- The gift will also provide finances needed to purchase the remainder of the available Twin Springs condominiums near the campus. The purchase will provide additional student housing and parking in the fall.
- Finally, more than $2 million will be allotted to the construction of a new academic building – Odell Brown Hall – which will include 12 general use classrooms, faculty offices, and a psychology lab for the Leonhard Schiemer School of Psychology and Biblical Counseling.
Kings and priests
“She literally invested all her life for this moment to spend it on something even though she never met you,” Caner said at the conclusion of the service. “We are incredibly grateful for what God has done for us today.”
In his chapel address Caner challenged the student body to see itself as part of a royal family, a priesthood of believers.
Basing his message on I Peter 2:9, he stated that believers are to recognize themselves as being kings and priests in relation to how much they share Christ with others. He titled his comments “Passionate Patriots,” highlighting the biblical teaching that believers have a primary citizenship in heaven and not in this world.
“If you don’t share Jesus Christ, why would you be reminded of your place in a royal family? If you want to feel kingly, go out and share Christ with someone,” he stated.
He then directed the students to the difference between a secular and a Christian education.
Other schools may have worthy academic programs but their charters, their vision, “will not allow them to invest in your calling. At Truett McConnell we do not see our role as much as helping to equip you for a career as to equip you for a [spiritual] calling.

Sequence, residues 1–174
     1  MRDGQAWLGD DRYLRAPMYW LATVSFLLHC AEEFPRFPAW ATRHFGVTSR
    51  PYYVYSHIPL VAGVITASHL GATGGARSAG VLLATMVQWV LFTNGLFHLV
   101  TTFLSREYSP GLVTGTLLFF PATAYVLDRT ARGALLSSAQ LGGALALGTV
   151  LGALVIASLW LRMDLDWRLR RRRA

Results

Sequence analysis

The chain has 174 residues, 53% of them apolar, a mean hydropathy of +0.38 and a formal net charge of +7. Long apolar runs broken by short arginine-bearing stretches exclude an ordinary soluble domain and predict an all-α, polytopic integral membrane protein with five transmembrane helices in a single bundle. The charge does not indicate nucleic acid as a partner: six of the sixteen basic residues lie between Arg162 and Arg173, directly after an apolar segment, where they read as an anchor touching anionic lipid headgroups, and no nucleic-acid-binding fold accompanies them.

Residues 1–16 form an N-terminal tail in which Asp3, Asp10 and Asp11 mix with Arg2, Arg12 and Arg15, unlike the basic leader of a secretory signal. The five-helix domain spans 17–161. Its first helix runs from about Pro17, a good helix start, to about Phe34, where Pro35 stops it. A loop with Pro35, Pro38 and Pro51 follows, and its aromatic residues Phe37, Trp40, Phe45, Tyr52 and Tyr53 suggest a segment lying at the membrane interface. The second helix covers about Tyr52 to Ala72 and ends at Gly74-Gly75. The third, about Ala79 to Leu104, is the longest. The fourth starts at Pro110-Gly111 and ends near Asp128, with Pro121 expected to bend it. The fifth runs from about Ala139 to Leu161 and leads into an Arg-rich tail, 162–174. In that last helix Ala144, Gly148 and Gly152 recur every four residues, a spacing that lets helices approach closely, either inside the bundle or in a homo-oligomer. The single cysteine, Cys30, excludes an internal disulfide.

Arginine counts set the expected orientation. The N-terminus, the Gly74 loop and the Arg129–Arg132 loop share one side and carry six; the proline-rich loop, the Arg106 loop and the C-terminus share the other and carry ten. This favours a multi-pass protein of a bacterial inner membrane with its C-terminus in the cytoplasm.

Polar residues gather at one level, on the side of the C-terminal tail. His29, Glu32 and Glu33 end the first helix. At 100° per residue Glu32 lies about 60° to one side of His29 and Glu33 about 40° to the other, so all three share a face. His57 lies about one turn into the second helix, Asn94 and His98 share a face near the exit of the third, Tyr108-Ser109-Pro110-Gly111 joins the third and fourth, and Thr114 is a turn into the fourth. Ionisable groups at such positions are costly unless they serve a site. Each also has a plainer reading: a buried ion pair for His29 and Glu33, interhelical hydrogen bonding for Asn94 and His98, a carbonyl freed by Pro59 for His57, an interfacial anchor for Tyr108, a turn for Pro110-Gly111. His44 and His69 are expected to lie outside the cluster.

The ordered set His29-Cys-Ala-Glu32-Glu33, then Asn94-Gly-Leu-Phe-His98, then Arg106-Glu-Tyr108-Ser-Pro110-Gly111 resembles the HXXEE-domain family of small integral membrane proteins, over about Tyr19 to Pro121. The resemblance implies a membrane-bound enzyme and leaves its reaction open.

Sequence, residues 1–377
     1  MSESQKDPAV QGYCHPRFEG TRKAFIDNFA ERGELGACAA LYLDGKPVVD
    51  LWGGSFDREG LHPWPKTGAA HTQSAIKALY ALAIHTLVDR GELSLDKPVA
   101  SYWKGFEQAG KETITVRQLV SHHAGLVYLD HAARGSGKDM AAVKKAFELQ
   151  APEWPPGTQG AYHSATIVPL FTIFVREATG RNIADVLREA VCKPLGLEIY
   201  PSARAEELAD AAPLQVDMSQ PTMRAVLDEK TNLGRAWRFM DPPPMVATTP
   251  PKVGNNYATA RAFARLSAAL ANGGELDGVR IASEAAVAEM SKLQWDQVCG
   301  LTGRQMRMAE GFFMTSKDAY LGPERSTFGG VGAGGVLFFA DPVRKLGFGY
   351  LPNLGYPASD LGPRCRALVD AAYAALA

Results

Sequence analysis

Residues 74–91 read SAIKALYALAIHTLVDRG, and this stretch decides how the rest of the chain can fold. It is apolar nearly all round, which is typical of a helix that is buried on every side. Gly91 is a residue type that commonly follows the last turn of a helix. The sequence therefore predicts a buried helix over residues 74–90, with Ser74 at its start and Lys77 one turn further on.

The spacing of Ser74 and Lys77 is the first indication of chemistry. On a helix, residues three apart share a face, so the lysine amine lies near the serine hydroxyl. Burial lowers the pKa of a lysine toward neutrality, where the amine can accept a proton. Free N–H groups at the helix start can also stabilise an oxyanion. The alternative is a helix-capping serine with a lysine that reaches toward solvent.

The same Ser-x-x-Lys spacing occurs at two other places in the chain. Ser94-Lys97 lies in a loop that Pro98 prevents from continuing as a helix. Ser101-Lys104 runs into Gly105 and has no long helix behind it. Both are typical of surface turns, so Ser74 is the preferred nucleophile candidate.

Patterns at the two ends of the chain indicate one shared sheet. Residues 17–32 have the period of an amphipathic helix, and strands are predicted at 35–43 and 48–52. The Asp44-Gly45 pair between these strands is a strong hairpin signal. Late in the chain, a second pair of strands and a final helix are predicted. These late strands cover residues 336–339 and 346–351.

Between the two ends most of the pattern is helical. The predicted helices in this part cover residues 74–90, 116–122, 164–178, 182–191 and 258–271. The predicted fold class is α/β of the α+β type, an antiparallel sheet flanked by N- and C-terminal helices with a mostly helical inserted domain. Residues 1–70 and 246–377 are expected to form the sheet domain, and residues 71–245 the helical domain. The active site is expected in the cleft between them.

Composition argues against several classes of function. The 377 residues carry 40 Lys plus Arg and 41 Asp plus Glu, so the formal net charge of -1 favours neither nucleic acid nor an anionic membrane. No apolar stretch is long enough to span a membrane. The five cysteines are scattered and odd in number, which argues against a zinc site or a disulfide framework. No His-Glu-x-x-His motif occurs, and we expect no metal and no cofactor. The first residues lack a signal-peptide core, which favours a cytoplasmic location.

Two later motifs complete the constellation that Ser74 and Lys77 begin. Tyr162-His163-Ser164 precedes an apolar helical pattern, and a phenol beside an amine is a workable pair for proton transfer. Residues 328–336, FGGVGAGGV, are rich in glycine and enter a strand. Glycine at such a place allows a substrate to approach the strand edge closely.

“He then concluded by adding, “It is not important that I am called or you are called but that we are all called together” as a family known as Truett McConnell University.
During the service the University also named four streets on campus after living individuals who have distinguished themselves in service to the institution:
- Gloria Sutton, a 40-year employee currently serving as manager of the campus mail center. Sutton immediately received a standing ovation acknowledging her longstanding reputation among the student body. She was accompanied by husband Phineas and grandson, Maurice Sutton.
- Ethelene Dyer Jones, widow of Director of Missions Grover Jones, who along with Jones were charter students of Truett-McConnell Junior College in 1947.
- Victory Processing, a longtime financial supporter which processes 5 million pounds of chicken a week from its Gainesville plant. Representing the business were Johnny Young, Todd Reese, Todd Robson, and Phillip Jones.
- Colby Tilley, who distinguished himself as woman’s basketball coach during his decade of service from 1975-85. Tilley’s record was 234-46 and saw the woman’s team claim titles as Regional Champions for 1978, 80, 81, 85; State Champions in 1979, 80, 81, 82, 85; and National Champions in 1980.
This story was written with assistance from Jenny Gregory, digital content specialist for Marketing and Communications at the University.